Stained glass exhibition is a window on Calder Valley’s industrial past

Telling the story: Glazier Karl Theobald (pictured) and designer Phil OFarrell follow The Journey of Alum
Telling the story: Glazier Karl Theobald (pictured) and designer Phil OFarrell follow The Journey of Alum

A new exhibition will showcase a key part of the Calder Valley’s past using the medium of stained glass when it opens next week.

The Dyeing Trade is a free exhibition in stained glass with live demonstrations at the Northlight Art Space at Northlight Studios in Hangingroyd Lane, Hebden Bridge, and is being staged on Saturday and Sunday, January 27 and 28.

It will be open from 11am to 4pm each day following a launch event at 7pm on Friday, January 26.

The work, which will then be installed in the historic Dyers Hall at Dowgate Hill in London, began following a suggestion from designer Phil O’Farrell, who was working on some interiors in the London building’s basement.

Phil, knowing glazier Karl Theobald’s skills, pitched the idea of picturing in stained glass “The Journey of Alum”, a key part of the clothing industry in the past, and the Worshipful Company liked the idea.

The exhibition, also showcasing finished images, will explain the strange story of alum production and its use in the dyeing trade in Yorkshire.

Karl will be physically constructing the leadwork of one window in person over the course of the weekend, and he and Phil will be talking about the commission as well as demonstrating their craftsmanship.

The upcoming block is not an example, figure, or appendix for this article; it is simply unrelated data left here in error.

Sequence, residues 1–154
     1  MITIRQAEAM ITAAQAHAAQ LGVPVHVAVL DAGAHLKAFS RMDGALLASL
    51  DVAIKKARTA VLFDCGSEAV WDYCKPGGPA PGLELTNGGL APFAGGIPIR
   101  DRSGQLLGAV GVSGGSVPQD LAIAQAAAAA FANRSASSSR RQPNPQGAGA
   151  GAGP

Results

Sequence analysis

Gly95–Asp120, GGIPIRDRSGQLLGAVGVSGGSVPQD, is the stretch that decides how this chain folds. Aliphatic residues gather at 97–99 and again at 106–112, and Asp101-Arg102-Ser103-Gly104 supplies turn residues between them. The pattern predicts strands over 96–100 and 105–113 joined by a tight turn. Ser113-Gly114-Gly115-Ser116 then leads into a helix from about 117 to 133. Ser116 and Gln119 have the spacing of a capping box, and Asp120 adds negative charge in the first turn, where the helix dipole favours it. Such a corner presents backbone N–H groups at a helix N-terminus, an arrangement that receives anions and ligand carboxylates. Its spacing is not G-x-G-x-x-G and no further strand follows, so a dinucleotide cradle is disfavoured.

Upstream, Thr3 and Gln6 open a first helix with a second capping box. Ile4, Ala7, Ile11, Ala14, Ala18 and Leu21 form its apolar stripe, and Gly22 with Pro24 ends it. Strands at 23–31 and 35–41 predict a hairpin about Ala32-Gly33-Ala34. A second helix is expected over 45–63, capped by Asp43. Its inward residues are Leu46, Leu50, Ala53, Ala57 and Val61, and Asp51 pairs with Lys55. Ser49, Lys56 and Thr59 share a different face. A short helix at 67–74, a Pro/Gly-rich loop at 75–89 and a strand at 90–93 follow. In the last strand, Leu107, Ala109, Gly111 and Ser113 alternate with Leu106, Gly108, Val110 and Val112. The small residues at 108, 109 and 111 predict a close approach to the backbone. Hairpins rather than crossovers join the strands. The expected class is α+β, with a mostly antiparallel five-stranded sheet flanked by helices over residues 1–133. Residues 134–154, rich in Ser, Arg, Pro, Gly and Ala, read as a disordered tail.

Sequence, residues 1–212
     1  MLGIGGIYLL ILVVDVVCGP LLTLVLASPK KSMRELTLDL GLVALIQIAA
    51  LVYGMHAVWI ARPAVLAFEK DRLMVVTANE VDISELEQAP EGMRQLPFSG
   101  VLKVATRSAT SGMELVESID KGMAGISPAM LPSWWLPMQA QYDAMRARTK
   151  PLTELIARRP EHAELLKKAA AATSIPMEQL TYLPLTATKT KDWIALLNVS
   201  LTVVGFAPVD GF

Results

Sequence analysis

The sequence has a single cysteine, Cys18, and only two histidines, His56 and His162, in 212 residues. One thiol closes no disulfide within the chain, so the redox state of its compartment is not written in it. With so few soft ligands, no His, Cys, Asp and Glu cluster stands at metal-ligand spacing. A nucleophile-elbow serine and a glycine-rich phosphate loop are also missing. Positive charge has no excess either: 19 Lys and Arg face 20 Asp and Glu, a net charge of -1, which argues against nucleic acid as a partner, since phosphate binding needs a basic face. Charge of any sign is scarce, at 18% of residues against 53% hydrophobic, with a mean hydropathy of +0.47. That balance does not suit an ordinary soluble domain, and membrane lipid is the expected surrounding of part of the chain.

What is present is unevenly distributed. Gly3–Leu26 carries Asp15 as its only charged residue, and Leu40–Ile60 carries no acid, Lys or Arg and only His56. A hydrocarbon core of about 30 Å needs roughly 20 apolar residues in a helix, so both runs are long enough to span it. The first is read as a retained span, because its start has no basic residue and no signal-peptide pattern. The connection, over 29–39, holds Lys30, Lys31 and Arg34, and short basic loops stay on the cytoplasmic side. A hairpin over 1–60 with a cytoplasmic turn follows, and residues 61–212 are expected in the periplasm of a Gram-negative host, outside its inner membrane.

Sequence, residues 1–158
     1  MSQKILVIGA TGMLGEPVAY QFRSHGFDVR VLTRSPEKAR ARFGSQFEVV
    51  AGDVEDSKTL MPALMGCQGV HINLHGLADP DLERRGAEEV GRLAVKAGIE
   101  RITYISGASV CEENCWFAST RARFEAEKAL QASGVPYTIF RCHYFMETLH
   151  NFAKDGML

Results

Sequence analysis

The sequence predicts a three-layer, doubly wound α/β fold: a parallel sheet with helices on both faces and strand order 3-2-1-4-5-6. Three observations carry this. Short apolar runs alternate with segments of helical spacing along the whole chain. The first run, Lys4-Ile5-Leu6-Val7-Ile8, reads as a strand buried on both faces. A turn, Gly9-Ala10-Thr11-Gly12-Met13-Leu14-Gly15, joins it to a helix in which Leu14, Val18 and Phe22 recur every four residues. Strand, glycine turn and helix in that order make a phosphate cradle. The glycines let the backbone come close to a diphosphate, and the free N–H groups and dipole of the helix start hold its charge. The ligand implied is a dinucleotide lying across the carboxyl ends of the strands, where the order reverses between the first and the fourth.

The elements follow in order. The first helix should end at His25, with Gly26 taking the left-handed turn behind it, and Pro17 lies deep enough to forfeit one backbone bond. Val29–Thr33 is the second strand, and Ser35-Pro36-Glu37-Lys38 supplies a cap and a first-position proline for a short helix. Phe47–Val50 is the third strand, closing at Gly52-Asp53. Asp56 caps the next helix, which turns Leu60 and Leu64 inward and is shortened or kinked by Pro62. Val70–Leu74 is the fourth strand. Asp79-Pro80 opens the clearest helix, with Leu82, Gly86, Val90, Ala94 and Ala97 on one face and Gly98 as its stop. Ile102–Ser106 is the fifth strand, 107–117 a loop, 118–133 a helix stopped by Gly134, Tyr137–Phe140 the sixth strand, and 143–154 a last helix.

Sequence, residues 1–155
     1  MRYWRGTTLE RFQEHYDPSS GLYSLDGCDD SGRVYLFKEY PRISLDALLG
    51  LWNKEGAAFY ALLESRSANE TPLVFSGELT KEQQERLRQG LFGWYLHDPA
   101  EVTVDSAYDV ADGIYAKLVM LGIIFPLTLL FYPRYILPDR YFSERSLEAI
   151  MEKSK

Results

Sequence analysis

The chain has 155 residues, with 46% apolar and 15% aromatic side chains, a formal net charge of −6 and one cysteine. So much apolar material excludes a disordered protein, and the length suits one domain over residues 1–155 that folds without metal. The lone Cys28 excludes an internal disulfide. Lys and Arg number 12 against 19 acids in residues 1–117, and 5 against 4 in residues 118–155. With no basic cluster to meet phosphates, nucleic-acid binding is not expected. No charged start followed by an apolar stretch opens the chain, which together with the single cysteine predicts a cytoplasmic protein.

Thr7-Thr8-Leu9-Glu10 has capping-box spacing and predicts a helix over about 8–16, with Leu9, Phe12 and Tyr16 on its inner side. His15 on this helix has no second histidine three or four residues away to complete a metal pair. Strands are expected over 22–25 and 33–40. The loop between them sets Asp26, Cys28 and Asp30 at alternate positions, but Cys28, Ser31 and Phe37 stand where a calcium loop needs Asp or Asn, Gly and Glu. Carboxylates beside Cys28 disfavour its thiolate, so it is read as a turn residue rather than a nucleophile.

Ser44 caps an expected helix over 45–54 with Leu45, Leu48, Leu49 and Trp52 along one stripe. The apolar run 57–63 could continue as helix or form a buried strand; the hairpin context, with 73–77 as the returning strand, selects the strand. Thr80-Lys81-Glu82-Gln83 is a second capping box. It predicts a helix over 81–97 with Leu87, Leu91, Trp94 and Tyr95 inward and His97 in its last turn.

Phil said Calderdale once produced more fustian clothes than anywhere else on earth, but over the past century many of the mills have been converted into homes, offices, workshops and, particularly in Hebden Bridge, into artists’ workshops.

But echoes of the industry can still be found in artwork produced under those same roofs, and “The Journey of Alum” will illustrate part of that.

“This exhibition continues that theme. Commissioned by the Worshipful Company of Dyers and designed and produced by us, it commemorates the vast Yorkshire textile dyeing industry that dominated our valley 150 years ago,” he said.

“Shown through a series of large stained glass panels, visitors will learn how North Sea kelp, Yorkshire shale and London urine were combined to form alum, the essential fixative used for dyeing clothes and, indeed, stained glass windows.

“You will also be able to see stained glass manufacture in person as Karl constructs the final window of the series in the gallery itself.”